The hole encountered a continuous zone of quartz vein mineralization in granodiorite over 517.9 m downhole from bedrock surface at 3.1 m, averaging 1.14 g/t Au along this length and showing a high degree of continuity. Within this zone, a 125.5 m downhole interval beginning at 196.5 m averages 1.75 g/t Au. Another interval of 16.5 m downhole beginning at 406.0 m depth averages 5.07 g/t Au. Instances of trace visible gold were noted in quartz veins throughout the length of the hole. Capping grades at 10.0 g/t Au reduces the average grade of mineralization within the broader interval only 2.4% to 1.11 g/t Au.
V-23-045 is the northeastern-most hole testing Valley’s well-mineralized corridor to date, and it extends the envelope of known >1 g/t Au mineralization considerably in this direction, where it still remains open. The hole also carries mineralization to depth, further expanding the known vertical footprint and highlighting the vertical exploration potential within the Valley intrusion.
Hole V-23-048 is collared within the Valley intrusion as a 95 m step along section to the southwest of V-23-039 (553.8 m @ 2.48 g/t Au, Snowline news release dated August 3, 2023). The hole is collared 72 m south of the nearest hole, V-22-010 (318.8 m @ 2.55 g/t Au including 108.0 m @ 4.14 g/t Au from surface, see Snowline news release dated October 12, 2022).
Mineralization within V-23-048 is robust and consistent, averaging 2.20 g/t Au over 256.2 m, including a higher-grade zone averaging 3.28 g/t Au over 100.2 m from bedrock surface at 8.8 m downhole. The top 30.2 m of the hole, measured downhole from bedrock surface, averages 5.03 g/t Au. As with many other holes at Valley, this grade profile sees the highest grades of the system beginning at surface. Despite the high grades, only one assay exceeded 10 g/t Au (10.1 g/t Au over 1.0 m from 23.0 m downhole). Grade capping at 10.0 g/t thus has virtually no effect on results. As with other holes seen at Valley, this underscores the remarkable grade continuity within the system.
The hole crosscuts abundant sheeted quartz veins within the intrusion, in places carrying trace amounts of visible gold within the veins. It exits the intrusion into lightly mineralized hornfels and a series of 1-2 m wide dikes at 255.9 m downhole.
Figure 3 – Cross-section A, showing quartz vein density per metre and instances of trace visible gold observed during logging. Together, vein density and frequency of trace visible gold have shown to serve as a general indicator of grade potential at Valley. Note that in a sheeted quartz vein array like those present at Valley, the angle of veins to core can affect apparent density per metre. Density/visible gold data for V-23-061 not yet available at time of writing, though a select run is shown in Figure 5. This figure complements Figure 1 of this release.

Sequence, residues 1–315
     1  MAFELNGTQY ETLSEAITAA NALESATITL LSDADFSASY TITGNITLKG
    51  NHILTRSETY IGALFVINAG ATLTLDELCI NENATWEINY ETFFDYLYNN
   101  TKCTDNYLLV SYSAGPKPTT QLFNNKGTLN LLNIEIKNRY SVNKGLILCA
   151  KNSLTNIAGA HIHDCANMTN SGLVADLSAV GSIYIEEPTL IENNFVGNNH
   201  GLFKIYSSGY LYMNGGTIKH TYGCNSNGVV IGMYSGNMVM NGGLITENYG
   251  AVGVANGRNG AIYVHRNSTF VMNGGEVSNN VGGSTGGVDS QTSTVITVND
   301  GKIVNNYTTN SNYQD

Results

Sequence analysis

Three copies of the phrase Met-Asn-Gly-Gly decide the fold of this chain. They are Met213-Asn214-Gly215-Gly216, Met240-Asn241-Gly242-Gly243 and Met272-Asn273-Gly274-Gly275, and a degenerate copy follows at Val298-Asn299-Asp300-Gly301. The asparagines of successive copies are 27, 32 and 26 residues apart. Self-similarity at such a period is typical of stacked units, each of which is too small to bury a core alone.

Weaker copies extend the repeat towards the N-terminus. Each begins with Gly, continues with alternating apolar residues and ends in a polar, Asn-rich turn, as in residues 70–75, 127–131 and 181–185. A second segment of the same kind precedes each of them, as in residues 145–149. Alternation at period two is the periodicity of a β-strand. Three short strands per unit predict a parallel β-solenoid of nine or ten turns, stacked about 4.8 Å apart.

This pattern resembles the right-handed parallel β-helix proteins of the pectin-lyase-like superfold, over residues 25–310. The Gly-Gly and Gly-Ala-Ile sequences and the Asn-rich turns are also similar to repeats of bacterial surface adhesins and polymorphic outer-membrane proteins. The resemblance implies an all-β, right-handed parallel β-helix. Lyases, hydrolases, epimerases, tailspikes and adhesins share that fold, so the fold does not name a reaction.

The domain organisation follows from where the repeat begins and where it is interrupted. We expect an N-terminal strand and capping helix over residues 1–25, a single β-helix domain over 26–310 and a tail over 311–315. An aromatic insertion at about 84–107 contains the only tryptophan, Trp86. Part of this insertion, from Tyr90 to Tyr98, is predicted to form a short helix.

Figure 4 – Cross-section B, showing V-23-047 in the context of surrounding holes and a simplified geological model. Top: Analytical results received to date and still pending (thin black lines). Bottom: Vein densities alongside instances of trace visible gold observed during logging. V-23-047 demonstrates that mineralization seen in V-22-032 continues to surface, with strongest grades near the top of the hole.
Table 2 – Summary of mineralization observed in current holes. The consistency of strong mineralization is reinforced by the capped values in the rightmost column, wherein any assay result >10 g/t Au is replaced by 10.0 g/t Au to calculate the average interval grades. The high results demonstrate uniform gold mineralization that is not “smeared” across a given interval by isolated high-grade samples. *Interval widths reported; true widths of the system are not yet known, with different vein generations, orientations, and grade distributions present within various intervals through the bulk tonnage gold target at Valley.
Figure 5 – High quartz vein density observed in V-23-061, from 129.3 m to 160.0 m downhole in a composite photo. Orange flagging tape marks instances of trace visible gold observed during logging. Multiple generations of veins can be seen cutting the core at different orientations. NQ2 sized drill core shown is 5.1 cm in diameter. The above vein densities are not representative of the entire hole. Assays are pending for this section and the remainder of the hole.
Valley Target Drilling, Rogue Project